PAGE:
Since I have been in the insurance business I have come to realize that plenty of insurance agents abuse their position, either through ignorance or malice, and use incorrect terms to describe the coverage they are offering. It is important for you to be an educated consumer so you can make the right decision about what kind of policy you should choose for your vehicle. This article will focus on covering your property correctly; how you get paid in the event of a loss.
1. Actual Cash Value. (ACV) Actual Cash Value is the “standard” for auto insurance policies. In the event of a theft or a total loss, the insurance on your vehicle pays the actual cash value of your vehicle at the time of loss. The adjuster will look at your vehicle and examine blue book, look at dealerships, and also private party sales in your area. Generally the adjuster will average those three numbers, and that’s what the actual cash value of your car is. Obviously, this is not the way you want to cover your collector car, but for an every day vehicle it generally works out fine. The one exception to that “works out fine” part is if you are “upside down” on your car. If so, make sure you look for GAP or “loan/lease payoff” coverage. That covers the difference between what you owe on your vehicle and the actual cash value. GAP coverage can be quite expensive through the dealership, but it is often offered at a minimal cost as part of a regular auto policy through many insurance companies.
2. Stated Value Coverage. I’ll be honest with you; I don’t understand why insurance companies even offer stated value coverage. I know how it works, but I don’t see any real value in it. Stated Value coverage lets you tell the insurance company what your car is worth, but at the time of loss, they can pay the stated value OR the actual cash value – whichever is less. This is an ok proposition if your car is steadily appreciating in value, but even then you are getting paid the least the insurance company can find to pay for your car. Many agents will sell stated value policies to their classic car customers, but if you are paying for stated value, you might as well shop for an agreed value policy, and that’s next for us to talk about.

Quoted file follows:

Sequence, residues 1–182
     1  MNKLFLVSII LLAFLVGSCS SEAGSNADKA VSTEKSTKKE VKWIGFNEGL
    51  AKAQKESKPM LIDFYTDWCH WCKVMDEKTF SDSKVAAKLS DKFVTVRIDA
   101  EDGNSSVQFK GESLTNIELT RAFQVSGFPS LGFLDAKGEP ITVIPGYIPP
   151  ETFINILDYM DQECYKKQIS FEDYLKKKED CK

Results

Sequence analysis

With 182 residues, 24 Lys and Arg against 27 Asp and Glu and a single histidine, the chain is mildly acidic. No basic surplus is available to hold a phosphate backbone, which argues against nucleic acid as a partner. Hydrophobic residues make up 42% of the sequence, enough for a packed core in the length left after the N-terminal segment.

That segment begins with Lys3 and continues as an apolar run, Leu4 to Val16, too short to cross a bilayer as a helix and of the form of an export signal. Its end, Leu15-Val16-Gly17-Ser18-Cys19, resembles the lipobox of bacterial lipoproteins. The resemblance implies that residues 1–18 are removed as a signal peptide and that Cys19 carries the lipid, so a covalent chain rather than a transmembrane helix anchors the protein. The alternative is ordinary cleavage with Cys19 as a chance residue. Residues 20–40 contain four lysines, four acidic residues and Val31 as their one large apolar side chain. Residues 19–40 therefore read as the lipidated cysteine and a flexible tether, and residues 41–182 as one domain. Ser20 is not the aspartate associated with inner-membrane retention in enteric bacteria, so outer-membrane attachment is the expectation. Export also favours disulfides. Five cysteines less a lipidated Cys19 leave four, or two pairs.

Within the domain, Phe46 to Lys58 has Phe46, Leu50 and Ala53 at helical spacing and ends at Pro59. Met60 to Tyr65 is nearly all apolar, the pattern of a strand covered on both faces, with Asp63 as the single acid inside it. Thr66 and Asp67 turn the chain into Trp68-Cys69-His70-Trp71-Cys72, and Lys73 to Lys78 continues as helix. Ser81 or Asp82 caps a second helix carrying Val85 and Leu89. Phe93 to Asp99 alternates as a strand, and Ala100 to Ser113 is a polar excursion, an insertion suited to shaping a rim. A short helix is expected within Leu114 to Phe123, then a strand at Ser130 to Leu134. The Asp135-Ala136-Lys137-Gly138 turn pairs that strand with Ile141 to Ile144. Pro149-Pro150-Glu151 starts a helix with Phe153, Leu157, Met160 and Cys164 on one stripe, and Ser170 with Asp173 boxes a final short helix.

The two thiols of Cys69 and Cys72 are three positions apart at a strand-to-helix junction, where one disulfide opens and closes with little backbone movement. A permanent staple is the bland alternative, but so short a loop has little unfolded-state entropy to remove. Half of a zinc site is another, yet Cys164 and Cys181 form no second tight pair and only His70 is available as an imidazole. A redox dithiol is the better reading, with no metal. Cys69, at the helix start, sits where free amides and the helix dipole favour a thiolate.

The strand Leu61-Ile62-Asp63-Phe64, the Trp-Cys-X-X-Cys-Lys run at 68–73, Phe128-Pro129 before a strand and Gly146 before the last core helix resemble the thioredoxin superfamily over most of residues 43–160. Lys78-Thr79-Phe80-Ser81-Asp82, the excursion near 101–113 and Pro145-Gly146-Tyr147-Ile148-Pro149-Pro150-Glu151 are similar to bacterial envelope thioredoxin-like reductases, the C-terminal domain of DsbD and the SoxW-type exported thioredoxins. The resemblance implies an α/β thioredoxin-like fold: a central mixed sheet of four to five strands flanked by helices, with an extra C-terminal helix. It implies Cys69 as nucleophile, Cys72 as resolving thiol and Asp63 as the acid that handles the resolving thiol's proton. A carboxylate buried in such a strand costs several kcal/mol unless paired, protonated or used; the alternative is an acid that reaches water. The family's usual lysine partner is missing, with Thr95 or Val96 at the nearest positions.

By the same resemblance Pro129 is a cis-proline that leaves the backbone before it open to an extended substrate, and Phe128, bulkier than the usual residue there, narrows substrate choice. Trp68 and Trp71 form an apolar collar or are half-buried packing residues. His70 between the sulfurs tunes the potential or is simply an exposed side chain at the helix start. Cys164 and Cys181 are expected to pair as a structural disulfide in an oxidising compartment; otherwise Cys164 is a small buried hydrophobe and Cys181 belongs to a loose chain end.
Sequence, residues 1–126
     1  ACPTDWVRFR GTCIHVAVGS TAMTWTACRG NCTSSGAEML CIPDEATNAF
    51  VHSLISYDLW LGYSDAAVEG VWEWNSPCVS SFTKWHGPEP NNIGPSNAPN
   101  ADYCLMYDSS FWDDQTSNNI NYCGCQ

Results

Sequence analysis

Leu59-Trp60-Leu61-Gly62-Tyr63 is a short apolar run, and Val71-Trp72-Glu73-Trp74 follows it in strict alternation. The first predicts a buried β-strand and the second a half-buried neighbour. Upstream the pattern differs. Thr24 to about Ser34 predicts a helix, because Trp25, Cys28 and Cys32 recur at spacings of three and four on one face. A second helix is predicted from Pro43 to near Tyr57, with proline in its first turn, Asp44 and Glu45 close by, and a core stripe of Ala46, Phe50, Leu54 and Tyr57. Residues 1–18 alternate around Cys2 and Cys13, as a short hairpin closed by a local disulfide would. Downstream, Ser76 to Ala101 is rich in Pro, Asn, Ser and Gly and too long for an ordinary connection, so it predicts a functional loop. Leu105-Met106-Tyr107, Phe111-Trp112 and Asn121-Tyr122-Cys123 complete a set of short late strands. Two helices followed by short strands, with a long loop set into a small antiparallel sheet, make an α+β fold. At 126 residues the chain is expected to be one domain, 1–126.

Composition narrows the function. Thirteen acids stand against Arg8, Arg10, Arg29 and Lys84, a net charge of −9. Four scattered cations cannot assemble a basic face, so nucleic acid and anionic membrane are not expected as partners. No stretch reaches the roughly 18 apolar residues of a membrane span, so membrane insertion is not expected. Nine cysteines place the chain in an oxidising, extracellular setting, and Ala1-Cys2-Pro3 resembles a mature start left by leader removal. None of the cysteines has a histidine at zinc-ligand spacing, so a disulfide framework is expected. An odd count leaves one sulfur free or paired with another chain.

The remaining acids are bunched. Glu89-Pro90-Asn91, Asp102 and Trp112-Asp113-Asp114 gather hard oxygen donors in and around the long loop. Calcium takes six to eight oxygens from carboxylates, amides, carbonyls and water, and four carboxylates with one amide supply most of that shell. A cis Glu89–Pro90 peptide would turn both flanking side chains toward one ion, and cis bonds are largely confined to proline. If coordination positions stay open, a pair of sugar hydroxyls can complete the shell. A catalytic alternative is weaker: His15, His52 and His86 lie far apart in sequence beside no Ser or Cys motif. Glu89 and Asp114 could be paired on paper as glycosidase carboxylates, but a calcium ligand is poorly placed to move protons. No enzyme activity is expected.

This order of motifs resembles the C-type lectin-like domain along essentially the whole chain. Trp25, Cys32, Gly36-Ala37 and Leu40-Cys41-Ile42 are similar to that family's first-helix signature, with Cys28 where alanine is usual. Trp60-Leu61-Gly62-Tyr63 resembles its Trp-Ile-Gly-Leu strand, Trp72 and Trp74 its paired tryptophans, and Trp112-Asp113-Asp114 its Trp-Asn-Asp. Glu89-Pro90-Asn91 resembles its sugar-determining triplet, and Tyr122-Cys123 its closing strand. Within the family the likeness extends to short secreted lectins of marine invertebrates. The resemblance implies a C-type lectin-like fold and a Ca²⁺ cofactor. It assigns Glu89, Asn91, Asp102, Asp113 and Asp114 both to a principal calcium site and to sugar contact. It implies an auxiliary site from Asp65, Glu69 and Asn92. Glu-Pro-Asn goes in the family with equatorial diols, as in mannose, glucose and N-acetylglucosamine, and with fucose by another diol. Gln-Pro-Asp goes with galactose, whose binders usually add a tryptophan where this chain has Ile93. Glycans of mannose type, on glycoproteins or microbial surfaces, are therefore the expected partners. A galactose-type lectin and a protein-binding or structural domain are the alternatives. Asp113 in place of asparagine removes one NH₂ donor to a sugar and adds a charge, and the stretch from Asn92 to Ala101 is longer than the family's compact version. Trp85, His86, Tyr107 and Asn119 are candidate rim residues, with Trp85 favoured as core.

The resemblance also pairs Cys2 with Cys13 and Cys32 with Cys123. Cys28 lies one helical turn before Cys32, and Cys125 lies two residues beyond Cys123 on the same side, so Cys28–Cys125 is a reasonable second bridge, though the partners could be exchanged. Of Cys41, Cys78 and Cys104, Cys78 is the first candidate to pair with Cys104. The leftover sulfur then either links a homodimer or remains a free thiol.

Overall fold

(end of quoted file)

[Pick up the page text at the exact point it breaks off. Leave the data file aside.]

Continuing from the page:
3. Agreed Value Insurance coverage. This is it – the top, the summit, the ne plus ultra way to cover your vehicle. If you can get an agreed value policy on your automobile, you certainly should. With an agreed value auto policy, you establish the value of your vehicle up front. That way, if you have a loss, you know exactly what you are going to get paid. Sometimes when this is offered, agents will insist on an appraisal for the vehicle. While an appraisal is worthwhile, it’s better to just work with an agent that understands car values and has some pre underwriting authority with the companies they are writing with. As an agency full of classic car insurance experts, the insurance companies know we are constantly on top of the collector vehicle market, and can help you make a wise decision about how to best to value your vehicle for insurance. I often hear from people I meet at car shows that they have “stated value” insurance, and that it’s “the same thing as Agreed Value coverage”. Trust me when I say that it is not, and if someone is telling you that it is, they are doing you a grave disservice. The only thing that is “like” agreed value coverage is agreed value coverage.
Hopefully, this has helped you to understand how your car is valued on your auto insurance policy. There is a wealth of misinformation out there, and here at The Phoenix Insurance we are all about education. The more you know about what you are purchasing, the more comfort you get from that purchase, and the less likely you are to make a bad insurance decision. You research every part of every car you build, right? I might argue that your insurance is the most important part of your build.